This is a philosophical statement. It is intended to spark thinking and examining.
Many moons ago, as I went through my schooling in architecture I began to get a sense of something that was important, and even vital, in the creative pursuits. It stayed on the edges of my consciousness until it came to me one day as a strong feeling coupled with a phrase: “Ya gotta pin your work up on the wall.”
You have put the work you are doing up on the wall, stand back, and look. And, moreover, you have to let someone come and look too. And examine. And critique. Because, invariably, they will look at it for about thirty seconds, walk over, point to something and ask, “What’s this?”
And, doubly invariably, you will look and go, “How in the hell did I never notice that before?” *
A funny thing happens when we get all nose down into a project, powering away, grinding away, jamming away, creating away… our view tends to narrow. We get focused on a structure and a path and a narrative and a latticework of thoughts that tunnel towards a point. Interestingly this tends to happen whether our process is going well or not well. It just happens. Within our laser beam focus, all seems to fit into place, link together, make sense. We see our work more and more only within the context of our work and within the context of our intent and narrative. It all leads to one place.
Until someone points something out. Something that once seen is hard to unsee or ignore. And something that, once seen, is hard to believe you couldn’t have seen it before.
Years later, I realized that the same is also true in that grandest of our individual creations: ourselves. Who we are. Who we are being and acting in the world. How we relate to the world. If there’s anything that’s more pressing than the deadline of a project, it is the never-ending string of deadlines and “pressures” and events and invention that is our everyday lives at work, at home, at play, alone, together, and beyond. With this immediacy, we’re always in “project” mode… and our view tends to narrow. The exact same way. All within, be it our narratives, our worlds and views, our actions, and creations, and thoughts, they all fit and link and seem solidly real.
When we take the opportunity to pin ourselves on the wall, amazing things can happen. Friends, coaches, confidants, they can all take a moment to examine us, walk over, and point to ask “What’s this? What’s going on here? What’s that all about? Is this how it truly is?” And, just like when someone does that to our work, our first reaction may well be not only shock and surprise, but a defensive explanation, contortion, and attempted escape. If we set that aside though, choose to let it in, we can go “Huh. What the heck … really?” And new, expansive, inspired art can emerge.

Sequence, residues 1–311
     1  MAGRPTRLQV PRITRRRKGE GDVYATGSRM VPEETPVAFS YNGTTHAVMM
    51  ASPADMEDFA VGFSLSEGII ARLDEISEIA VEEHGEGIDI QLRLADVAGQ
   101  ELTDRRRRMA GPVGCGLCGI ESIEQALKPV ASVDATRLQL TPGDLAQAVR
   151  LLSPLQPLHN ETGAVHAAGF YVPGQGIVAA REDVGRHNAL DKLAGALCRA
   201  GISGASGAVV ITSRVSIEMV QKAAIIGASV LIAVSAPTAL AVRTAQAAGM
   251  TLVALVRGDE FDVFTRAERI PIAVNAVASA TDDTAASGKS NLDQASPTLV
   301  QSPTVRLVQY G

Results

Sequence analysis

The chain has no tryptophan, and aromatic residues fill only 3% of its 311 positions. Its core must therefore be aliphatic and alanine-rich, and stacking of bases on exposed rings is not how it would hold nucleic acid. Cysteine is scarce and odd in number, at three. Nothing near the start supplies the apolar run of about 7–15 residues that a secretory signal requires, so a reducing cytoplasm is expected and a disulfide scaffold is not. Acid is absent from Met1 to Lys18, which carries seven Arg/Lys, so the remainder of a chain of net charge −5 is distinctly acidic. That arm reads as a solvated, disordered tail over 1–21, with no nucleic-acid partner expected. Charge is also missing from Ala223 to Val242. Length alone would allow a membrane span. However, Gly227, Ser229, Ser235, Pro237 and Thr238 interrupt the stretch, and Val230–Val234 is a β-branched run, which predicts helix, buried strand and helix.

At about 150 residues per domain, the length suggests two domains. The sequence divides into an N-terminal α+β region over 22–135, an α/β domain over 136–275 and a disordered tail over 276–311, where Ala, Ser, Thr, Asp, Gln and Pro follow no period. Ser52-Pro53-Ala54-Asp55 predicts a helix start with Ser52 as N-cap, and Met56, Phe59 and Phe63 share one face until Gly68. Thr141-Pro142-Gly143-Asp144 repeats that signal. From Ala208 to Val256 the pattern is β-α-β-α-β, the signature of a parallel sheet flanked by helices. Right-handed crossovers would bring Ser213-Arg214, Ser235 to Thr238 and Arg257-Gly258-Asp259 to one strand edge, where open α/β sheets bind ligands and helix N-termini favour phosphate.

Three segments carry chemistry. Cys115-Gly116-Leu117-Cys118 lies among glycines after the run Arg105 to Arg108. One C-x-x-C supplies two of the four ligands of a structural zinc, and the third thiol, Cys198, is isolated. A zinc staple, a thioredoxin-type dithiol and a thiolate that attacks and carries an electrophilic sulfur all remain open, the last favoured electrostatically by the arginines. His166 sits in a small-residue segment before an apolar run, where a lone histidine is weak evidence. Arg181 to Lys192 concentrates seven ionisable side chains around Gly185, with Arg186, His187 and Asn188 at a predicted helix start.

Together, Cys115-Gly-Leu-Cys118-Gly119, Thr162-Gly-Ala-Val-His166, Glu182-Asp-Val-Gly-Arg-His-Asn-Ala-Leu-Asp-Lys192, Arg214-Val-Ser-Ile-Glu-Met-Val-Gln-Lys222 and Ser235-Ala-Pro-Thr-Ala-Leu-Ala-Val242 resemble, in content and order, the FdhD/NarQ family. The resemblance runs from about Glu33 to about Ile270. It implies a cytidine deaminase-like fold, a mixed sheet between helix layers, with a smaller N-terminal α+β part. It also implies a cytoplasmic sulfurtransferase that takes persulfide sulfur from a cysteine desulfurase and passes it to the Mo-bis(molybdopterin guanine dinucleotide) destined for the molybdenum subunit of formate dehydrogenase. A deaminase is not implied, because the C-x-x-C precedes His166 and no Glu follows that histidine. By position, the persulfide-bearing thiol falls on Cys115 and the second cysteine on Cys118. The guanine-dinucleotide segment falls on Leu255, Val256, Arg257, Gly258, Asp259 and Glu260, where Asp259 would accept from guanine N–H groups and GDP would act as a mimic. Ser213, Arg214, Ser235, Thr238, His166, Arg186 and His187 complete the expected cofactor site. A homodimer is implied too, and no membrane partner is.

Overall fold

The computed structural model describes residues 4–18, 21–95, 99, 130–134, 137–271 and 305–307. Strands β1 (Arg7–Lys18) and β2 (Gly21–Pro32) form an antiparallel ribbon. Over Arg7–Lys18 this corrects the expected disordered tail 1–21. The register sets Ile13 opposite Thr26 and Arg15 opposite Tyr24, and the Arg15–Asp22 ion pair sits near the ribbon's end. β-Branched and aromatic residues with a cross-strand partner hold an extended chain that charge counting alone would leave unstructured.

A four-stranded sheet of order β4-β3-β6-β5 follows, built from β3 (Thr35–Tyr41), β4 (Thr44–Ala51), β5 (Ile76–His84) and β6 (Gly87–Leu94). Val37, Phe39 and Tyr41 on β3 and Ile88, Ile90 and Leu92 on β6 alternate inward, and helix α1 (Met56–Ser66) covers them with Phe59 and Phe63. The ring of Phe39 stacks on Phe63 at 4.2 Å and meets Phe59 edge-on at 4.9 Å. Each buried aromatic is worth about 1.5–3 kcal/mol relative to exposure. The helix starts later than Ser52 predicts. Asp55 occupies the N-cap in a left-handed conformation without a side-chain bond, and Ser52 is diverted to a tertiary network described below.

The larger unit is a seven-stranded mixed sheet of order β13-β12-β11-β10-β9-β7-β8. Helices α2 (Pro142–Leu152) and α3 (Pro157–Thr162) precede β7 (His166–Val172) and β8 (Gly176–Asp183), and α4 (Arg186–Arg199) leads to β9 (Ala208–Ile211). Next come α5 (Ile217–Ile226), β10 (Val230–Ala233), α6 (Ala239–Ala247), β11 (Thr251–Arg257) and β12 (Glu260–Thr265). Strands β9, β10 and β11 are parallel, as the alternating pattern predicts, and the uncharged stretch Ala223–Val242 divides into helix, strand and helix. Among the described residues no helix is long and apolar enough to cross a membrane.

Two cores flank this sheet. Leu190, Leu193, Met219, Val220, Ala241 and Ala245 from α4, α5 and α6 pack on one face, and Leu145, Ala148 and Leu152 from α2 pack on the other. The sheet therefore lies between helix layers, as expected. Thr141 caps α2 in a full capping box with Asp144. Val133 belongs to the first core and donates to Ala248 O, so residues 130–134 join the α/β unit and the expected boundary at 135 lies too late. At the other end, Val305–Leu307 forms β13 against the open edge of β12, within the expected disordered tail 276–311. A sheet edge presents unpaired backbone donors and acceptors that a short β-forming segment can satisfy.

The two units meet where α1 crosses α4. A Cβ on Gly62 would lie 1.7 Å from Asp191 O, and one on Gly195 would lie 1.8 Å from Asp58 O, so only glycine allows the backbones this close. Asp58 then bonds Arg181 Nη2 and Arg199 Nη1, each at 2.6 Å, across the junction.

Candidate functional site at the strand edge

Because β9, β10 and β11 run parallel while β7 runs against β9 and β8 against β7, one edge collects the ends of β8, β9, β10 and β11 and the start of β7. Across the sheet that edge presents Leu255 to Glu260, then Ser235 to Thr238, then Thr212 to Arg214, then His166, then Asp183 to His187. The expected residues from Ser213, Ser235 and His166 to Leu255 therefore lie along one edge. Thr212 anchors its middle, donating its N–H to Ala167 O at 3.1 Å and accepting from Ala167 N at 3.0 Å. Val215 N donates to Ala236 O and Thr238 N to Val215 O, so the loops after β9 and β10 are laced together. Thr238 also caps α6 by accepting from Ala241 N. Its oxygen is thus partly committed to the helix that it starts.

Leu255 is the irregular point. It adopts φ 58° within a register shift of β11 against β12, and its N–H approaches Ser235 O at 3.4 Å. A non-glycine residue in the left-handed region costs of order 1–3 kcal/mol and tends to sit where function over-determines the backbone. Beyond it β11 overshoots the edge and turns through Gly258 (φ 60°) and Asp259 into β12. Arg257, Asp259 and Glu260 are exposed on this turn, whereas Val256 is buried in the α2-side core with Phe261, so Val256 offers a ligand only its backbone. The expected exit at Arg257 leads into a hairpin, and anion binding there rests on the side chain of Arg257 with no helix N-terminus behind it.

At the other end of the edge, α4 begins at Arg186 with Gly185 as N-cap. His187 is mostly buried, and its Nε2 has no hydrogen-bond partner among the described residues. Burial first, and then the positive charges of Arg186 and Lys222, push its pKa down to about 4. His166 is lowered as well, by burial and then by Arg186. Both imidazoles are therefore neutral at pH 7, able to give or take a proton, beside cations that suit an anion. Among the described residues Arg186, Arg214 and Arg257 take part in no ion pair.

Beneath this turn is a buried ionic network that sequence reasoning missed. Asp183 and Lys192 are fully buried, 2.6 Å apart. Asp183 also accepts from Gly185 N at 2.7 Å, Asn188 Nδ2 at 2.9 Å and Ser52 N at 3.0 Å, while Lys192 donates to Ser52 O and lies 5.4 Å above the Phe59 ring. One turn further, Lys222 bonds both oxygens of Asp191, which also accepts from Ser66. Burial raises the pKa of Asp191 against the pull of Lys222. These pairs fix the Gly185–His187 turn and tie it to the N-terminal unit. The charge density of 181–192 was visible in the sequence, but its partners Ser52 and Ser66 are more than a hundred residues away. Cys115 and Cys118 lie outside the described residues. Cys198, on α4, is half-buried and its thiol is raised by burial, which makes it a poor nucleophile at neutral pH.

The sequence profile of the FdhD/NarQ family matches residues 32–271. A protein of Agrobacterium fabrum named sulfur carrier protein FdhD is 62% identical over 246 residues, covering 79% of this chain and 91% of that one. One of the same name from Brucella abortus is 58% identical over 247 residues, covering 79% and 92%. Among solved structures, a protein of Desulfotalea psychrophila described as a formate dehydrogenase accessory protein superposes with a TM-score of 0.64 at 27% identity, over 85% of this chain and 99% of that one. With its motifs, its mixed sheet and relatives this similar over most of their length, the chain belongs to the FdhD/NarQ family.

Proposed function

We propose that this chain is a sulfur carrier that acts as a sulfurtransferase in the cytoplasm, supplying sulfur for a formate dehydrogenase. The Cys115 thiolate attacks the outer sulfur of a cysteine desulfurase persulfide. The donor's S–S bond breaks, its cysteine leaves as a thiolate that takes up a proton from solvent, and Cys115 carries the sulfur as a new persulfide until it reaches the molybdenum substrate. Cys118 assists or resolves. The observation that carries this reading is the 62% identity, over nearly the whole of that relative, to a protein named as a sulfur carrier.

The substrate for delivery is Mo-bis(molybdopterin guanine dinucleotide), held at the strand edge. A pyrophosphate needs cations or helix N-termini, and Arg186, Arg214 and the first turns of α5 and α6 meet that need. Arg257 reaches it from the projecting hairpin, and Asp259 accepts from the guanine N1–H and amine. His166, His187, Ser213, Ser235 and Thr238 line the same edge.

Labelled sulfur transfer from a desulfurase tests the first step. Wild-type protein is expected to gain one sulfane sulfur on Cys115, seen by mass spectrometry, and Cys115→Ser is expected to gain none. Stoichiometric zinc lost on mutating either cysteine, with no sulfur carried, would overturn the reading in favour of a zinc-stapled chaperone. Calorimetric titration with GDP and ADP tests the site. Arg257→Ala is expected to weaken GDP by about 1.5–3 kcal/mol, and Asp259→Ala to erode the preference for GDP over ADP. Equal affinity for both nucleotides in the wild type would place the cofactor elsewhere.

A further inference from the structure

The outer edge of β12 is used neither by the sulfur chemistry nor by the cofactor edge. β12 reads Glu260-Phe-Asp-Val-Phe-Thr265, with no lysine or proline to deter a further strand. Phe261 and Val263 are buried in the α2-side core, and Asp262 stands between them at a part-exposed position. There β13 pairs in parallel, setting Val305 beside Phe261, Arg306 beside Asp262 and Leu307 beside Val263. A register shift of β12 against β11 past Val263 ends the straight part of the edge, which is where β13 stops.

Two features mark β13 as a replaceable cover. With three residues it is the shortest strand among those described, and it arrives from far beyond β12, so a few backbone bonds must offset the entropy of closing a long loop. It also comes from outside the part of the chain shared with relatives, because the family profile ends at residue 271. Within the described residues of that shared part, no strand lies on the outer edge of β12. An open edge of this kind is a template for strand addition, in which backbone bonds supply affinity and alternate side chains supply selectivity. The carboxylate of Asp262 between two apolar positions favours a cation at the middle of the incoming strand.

To quote Anton Ego, it’s about “A little perspective… fresh, clear, well seasoned perspective.”
This, too, is what mindfulness is about, and meditation in particular. It is the exercise of building our perspective, extending and expanding our view, taking in more of the bigger picture. The ability of stepping back and looking at ourselves hanging on the wall, as a whole and in the context of the greater world. It’s a fabulous skill to develop. It lets us see and grow and expand in our own way. And it lets us be more receptive for the greater power that is letting others see us on the wall and critique. **
Because the most effective way of getting out of our own heads is to use another’s head.
Like our art, it allows growth and excellence to develop. It is the path to a masterpiece. And it’s not always going to be nice and fun. But in the end, the results are super worth it.
* – This really struck home for me once when I was working at Corel, and an artist hired to do some clip art asked me to look over and comment on some of his work. I gave feedback, he went back to work. A couple of hours later he turned to me and thanked me, acknowledged the straightness of my comments, and mentioned “I hadn’t noticed at all how that thing looked like it was floating.” While I’d been realizing something from my own experiences being critiqued at school, his statement to me from the other side really helped me get it.
** – By all means, choose someone valuable, worthy, and capable of providing a good critique and being a good coach! The art of the critique (or being a critic) is that, an art, and requires a level of competence in the field as well as good communication skills.